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If you were able to watch Avatar in a theatre with 3D glasses, all the credit goes to this man

October 04, 2019 at 05:00 pm | History, Tech & Innovation

Theodora Aidoo

Theodora Aidoo | Staff Writer

October 04, 2019 at 05:00 pm | History, Tech & Innovation

Kenneth J. Dunkley, inventor of 3D glasses

We all love going to the movies. At least some of us do and there’s nothing as enthralling as immersing yourself in another world just to relax after the stress of the day.

Over the years, cinemas have continued to improve theatre experience, especially with the rise of 3D technology. Today, more and more films are being offered in 3D format.

The unique selling point for 3D is that it creates a more immersive experience. If you’ve seen a 3D movie you can attest to the fact that it can pull you completely into a fictional world in such a way that a 2D movie can’t.

One movie where 3D technology was adopted is James Cameron’s Avatar. A 3D movie is absolutely worth seeing and one cannot do so without wearing special 3D glasses.

Thanks to Kenneth J. Dunkley, the world is having the 3D experience. Dunkley is known for inventing three-dimensional viewing glasses, or 3-DVG, an invention that displays 3-D effects from regular 2-D photos without any type of lenses, mirrors or optical elements.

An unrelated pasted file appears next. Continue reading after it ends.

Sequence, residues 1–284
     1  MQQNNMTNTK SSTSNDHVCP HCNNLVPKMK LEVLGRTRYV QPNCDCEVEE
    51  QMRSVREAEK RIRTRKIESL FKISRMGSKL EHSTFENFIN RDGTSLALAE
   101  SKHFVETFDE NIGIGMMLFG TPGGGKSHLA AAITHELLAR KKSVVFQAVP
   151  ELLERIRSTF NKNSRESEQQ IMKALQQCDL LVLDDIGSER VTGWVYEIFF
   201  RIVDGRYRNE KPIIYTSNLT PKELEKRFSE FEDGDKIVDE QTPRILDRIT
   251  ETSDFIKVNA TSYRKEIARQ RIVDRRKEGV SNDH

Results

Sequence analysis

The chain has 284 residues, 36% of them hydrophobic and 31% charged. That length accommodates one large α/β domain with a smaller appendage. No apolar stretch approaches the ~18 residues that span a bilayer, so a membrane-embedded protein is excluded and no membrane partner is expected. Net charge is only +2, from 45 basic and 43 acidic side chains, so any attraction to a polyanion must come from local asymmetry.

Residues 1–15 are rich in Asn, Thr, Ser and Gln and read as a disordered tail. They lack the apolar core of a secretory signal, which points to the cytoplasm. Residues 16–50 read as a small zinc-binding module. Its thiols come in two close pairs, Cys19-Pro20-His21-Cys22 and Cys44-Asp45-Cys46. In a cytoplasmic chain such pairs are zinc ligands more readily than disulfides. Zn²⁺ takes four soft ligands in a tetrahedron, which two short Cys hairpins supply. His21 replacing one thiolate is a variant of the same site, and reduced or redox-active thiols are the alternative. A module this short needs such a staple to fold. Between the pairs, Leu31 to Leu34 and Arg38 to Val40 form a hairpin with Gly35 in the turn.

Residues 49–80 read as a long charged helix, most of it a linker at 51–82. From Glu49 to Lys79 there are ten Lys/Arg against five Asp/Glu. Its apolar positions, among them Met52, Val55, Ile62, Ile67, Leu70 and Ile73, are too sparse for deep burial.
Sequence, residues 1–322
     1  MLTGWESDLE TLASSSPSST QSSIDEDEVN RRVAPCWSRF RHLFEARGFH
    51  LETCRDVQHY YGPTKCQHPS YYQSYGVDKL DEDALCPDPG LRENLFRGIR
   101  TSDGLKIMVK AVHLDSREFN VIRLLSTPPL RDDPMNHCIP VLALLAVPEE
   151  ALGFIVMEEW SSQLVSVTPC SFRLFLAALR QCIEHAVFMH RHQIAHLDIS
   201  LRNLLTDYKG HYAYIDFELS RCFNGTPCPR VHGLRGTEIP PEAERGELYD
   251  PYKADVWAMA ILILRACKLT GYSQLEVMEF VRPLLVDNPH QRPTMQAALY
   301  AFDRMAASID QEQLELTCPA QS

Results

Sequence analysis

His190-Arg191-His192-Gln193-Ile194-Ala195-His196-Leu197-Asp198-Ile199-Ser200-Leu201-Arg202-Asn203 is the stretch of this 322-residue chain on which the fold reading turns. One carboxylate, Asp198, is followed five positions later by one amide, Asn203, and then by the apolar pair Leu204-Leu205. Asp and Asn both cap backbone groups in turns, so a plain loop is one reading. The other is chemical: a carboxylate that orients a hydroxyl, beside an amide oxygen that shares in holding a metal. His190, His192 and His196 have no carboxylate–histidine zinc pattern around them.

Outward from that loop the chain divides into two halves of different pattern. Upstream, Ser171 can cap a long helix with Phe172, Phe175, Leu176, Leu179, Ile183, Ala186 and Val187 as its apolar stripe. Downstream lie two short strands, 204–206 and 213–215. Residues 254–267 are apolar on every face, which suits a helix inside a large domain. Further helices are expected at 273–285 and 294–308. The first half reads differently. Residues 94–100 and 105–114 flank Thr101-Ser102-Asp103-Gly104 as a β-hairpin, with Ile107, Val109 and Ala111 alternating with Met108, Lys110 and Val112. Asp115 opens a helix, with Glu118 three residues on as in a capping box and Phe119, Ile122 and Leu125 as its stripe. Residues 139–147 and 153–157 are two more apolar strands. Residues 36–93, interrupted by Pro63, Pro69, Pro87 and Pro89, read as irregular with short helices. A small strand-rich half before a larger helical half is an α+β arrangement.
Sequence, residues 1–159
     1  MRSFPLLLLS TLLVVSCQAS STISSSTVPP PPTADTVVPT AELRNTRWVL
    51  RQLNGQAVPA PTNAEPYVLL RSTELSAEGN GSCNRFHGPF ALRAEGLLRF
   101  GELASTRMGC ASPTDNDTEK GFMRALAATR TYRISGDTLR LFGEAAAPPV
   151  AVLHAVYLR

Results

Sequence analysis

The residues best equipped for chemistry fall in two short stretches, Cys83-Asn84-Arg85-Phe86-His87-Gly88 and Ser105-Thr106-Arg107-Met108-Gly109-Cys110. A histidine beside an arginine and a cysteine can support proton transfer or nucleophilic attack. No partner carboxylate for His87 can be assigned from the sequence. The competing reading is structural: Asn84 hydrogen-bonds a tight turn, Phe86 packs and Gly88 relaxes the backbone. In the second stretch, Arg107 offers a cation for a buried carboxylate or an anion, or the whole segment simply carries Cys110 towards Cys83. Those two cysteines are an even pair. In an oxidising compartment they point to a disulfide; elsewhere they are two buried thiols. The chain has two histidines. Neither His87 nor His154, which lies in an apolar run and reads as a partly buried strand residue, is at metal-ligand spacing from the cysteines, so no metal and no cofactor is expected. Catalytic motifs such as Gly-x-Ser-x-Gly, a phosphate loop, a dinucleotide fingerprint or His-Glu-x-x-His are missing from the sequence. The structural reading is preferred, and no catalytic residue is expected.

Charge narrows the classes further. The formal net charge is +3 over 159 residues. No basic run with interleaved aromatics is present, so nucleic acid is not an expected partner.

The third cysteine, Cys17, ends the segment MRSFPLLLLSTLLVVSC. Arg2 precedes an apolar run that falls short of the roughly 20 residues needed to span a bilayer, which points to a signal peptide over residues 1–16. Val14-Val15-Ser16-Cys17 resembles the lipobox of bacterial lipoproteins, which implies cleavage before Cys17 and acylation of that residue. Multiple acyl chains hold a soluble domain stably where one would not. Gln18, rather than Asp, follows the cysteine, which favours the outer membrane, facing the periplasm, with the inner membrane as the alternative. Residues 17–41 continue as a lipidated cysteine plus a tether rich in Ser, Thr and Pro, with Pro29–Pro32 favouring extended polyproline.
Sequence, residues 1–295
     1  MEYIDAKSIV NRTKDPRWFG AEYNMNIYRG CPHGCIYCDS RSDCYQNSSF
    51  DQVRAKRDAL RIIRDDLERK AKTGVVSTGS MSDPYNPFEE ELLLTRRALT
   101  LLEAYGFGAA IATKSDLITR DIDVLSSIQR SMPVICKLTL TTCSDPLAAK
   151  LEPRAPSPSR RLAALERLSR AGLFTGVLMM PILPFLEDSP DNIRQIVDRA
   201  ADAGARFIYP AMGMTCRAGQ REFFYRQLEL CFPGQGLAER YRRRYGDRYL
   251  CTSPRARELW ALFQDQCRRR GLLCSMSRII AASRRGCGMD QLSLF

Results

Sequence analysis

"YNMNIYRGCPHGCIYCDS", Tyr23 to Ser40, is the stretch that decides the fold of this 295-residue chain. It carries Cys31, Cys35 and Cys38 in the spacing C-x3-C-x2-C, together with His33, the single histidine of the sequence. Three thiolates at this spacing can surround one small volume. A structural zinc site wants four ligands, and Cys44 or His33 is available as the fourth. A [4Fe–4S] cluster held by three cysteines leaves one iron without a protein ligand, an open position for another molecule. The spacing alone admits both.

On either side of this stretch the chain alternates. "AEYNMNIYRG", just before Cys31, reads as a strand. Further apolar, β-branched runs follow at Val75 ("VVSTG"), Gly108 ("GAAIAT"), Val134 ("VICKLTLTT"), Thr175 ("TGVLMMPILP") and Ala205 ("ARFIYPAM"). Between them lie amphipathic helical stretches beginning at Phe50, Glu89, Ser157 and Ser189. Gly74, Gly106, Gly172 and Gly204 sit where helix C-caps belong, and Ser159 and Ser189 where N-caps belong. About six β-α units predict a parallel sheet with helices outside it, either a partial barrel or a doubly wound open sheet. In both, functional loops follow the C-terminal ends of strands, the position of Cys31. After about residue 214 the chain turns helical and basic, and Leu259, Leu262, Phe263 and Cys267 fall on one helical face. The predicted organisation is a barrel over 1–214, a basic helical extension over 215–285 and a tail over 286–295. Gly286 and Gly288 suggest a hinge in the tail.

Born in New York in 1939, Dunkley discovered that blocking two points in a person’s peripheral vision will cause an ordinary picture to appear three-dimensional.

Thus, he developed his 3-DVG to block out these points.

Kenneth J. Dunkley. Pic Credit: eoc-nassau.org

The 3-DVG can attain 3-D effects without lenses, mirrors or any optical elements. In 1986, he filed a patent for his 3-DVG glasses.

Dunkley did not only invent a 3-DVG, but he is reported to have also been a visual pioneer in the field of holography (optical illusion).

Like many African American inventors making black folks proud, Dunkley, who had a Master’s degree in Physics, had a piece of knowledge in nanotechnology education and he was an experienced Microsoft and robotics applications trainer.

Ever since Avatar brought 3D back into the cinemas in 2009, there has been an increasing interest for 3D technologies and all thanks should go to Dunkley for this.

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